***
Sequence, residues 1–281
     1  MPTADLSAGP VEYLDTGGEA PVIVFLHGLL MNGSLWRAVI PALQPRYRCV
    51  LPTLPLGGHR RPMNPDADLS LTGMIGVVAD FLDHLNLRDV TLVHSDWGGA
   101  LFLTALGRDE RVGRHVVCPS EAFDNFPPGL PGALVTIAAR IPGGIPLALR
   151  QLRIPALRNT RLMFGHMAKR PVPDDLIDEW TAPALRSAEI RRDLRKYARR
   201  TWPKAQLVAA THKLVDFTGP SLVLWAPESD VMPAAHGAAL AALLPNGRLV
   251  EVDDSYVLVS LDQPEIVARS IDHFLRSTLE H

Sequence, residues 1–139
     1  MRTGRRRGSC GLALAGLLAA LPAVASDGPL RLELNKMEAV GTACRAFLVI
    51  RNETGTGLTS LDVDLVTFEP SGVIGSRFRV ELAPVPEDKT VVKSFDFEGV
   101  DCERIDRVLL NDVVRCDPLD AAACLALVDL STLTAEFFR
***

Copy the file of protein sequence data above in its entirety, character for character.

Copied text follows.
Sequence, residues 1–281
     1  MPTADLSAGP VEYLDTGGEA PVIVFLHGLL MNGSLWRAVI PALQPRYRCV
    51  LPTLPLGGHR RPMNPDADLS LTGMIGVVAD FLDHLNLRDV TLVHSDWGGA
   101  LFLTALGRDE RVGRHVVCPS EAFDNFPPGL PGALVTIAAR IPGGIPLALR
   151  QLRIPALRNT RLMFGHMAKR PVPDDLIDEW TAPALRSAEI RRDLRKYARR
   201  TWPKAQLVAA THKLVDFTGP SLVLWAPESD VMPAAHGAAL AALLPNGRLV
   251  EVDDSYVLVS LDQPEIVARS IDHFLRSTLE H

Sequence, residues 1–139
     1  MRTGRRRGSC GLALAGLLAA LPAVASDGPL RLELNKMEAV GTACRAFLVI
    51  RNETGTGLTS LDVDLVTFEP SGVIGSRFRV ELAPVPEDKT VVKSFDFEGV
   101  DCERIDRVLL NDVVRCDPLD AAACLALVDL STLTAEFFR